This reflexive optimism is a mark of white baby-boomer music and writing—there are threads in common with Bruce Springsteen’s own recent memoir, though without the biblical, masculine, and arena-scale rhetoric. Jones’s stubborn hopefulness helps rationalize how the at-risk girl readers meet here is somehow alive, well, and relatively contentedly living in New Orleans at sixty-six. One fears for her life so often after she starts running away, along the hippie trail, in her very early teens, the first time with a boy in a stolen car. Later come skirmishes with gangsters, would-be abductors, abusive boyfriends, and even a putative “pimp with a heart of gold” in LA.

Sudden pop success did little to suppress the Jones-clan flight response. First she chased it through heroin, a vice picked up from musician’s musician Dr. John, aka Mac Rebennack (with whom she, spitelessly, continued collaborating nearly up to his death in 2019). Potent addiction poetry is laced through both Pirates and The Magazine. Jones’s habit lasted only a few years, but crucial ones, and the resulting “hard to handle” stigma helped forfeit her the kind of production support her work merited. It may have served, even partly been intended, to fend off commercial pressure, but her erraticness left only cult loyalists to sustain her.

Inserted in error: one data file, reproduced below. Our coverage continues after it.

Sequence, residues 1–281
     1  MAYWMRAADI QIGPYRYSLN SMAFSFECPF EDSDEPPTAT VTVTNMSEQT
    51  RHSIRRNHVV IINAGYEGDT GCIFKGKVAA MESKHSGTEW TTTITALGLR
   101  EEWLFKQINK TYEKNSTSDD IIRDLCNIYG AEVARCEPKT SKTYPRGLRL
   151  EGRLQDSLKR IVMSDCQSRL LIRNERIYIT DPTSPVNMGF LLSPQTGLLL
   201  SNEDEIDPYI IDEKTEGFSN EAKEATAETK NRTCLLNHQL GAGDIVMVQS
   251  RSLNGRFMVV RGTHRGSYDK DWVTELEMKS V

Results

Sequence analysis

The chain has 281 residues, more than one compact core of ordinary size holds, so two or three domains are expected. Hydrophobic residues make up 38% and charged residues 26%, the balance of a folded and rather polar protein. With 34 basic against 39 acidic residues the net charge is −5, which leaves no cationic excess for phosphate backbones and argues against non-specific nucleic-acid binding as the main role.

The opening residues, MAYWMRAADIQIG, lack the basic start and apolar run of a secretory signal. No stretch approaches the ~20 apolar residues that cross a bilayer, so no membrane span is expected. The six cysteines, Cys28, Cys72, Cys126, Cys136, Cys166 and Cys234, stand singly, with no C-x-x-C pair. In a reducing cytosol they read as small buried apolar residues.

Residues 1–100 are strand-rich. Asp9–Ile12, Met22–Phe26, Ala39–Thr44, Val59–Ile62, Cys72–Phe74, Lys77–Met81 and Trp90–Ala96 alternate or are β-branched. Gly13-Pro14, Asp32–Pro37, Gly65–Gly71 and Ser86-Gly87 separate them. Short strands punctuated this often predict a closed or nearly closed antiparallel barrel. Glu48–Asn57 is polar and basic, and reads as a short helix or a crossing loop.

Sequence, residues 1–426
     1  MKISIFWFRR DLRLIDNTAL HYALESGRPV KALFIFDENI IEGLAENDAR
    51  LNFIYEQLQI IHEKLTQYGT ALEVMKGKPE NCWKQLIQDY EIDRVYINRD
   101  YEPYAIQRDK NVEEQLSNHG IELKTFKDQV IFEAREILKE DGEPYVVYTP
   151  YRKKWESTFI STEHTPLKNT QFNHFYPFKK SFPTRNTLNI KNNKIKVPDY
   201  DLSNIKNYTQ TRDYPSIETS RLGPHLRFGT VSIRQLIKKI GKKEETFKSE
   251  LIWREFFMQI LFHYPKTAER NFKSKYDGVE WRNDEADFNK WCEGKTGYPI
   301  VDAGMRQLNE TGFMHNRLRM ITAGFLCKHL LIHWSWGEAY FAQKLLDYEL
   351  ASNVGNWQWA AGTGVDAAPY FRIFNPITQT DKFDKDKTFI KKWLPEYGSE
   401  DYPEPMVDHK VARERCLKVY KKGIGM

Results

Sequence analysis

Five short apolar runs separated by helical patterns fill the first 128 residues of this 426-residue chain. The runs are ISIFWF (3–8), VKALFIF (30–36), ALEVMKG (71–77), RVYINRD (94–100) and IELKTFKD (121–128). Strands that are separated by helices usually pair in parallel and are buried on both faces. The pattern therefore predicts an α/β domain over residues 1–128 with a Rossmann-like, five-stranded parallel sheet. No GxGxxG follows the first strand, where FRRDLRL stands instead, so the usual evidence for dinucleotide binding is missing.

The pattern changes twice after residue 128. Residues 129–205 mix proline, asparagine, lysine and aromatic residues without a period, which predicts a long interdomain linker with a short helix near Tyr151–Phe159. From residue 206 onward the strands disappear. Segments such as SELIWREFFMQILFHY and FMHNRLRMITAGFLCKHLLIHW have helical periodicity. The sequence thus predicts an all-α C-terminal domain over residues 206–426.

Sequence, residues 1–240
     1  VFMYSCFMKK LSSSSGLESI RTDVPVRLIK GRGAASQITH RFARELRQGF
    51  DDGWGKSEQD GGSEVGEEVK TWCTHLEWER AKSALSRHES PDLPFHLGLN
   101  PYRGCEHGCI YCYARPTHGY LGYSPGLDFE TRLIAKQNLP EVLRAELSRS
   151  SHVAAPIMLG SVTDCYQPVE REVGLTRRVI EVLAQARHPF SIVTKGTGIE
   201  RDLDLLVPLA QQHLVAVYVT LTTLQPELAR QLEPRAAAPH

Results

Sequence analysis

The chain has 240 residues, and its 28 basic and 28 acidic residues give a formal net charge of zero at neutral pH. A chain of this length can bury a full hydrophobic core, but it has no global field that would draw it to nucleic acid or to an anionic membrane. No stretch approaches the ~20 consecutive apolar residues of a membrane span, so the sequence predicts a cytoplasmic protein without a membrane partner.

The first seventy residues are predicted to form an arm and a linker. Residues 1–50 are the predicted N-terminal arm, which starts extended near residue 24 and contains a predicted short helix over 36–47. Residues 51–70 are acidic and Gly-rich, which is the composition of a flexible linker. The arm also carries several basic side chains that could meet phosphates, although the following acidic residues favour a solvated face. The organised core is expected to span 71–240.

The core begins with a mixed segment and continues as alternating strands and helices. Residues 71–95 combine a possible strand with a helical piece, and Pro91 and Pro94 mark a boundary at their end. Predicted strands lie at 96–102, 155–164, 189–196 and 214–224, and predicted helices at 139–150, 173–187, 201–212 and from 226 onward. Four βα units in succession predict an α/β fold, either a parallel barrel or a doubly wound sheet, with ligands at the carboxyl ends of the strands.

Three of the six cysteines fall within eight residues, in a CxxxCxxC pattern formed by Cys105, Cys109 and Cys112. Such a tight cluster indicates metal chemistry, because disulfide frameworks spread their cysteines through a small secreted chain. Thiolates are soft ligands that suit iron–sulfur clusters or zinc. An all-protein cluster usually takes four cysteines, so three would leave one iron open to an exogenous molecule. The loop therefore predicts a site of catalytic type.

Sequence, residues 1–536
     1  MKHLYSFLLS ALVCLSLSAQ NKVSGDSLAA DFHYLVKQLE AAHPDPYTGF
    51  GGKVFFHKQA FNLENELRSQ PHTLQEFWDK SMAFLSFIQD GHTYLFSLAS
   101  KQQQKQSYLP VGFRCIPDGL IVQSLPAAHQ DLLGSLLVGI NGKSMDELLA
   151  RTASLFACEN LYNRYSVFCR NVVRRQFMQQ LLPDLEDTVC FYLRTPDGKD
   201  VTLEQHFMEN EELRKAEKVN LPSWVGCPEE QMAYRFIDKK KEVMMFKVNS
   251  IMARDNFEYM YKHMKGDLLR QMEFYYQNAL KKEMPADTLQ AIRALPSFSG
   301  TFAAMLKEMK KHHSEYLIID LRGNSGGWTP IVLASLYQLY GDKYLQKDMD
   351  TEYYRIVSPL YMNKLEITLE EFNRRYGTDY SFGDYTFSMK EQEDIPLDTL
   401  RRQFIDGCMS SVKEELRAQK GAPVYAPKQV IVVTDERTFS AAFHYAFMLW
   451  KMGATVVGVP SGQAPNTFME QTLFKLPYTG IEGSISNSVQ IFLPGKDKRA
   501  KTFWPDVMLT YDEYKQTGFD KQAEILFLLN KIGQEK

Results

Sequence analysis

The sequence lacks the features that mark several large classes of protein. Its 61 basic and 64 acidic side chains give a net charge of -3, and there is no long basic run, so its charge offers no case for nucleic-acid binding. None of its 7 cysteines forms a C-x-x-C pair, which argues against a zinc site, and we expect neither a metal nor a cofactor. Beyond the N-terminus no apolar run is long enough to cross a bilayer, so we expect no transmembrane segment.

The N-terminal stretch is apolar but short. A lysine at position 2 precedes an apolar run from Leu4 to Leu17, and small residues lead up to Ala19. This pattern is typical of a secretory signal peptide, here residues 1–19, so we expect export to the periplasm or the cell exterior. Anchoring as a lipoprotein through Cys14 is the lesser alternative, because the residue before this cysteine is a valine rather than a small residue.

Within that cult, there was another toxin in circulation, which I admit is where I come in. For a segment of Jones’s listenership in the early 1980s, her story was wrapped up in the lore of her romance with Tom Waits and the scene around the Tropicana Motel in Hollywood, where they hung with hipster hanger-on Chuck E Weiss (the “Chuck E” of her hit), and lived large in dissolute boho style. The Peg Leg stories Jones told then in interviews seemed untrustworthy to me by association with Waits’s more obvious jive patter and prevarication. Last Chance Texaco makes it clear that she was the one who came by all that color honestly, while the much more middle-class Waits inhabited a character out of secondhand tales of beatnik glory. (Even in bed, she writes, he was “never not performing,” like a circus lion.) During their entanglement, Waits began shifting out of his retro shtick, but she got no thanks for that, while the jazz-throwback side she’d drawn from her dad was unfairly credited to Tom. As she writes here, “I remain the unseen image at the Last Supper. Was I there? Scholars disagree.”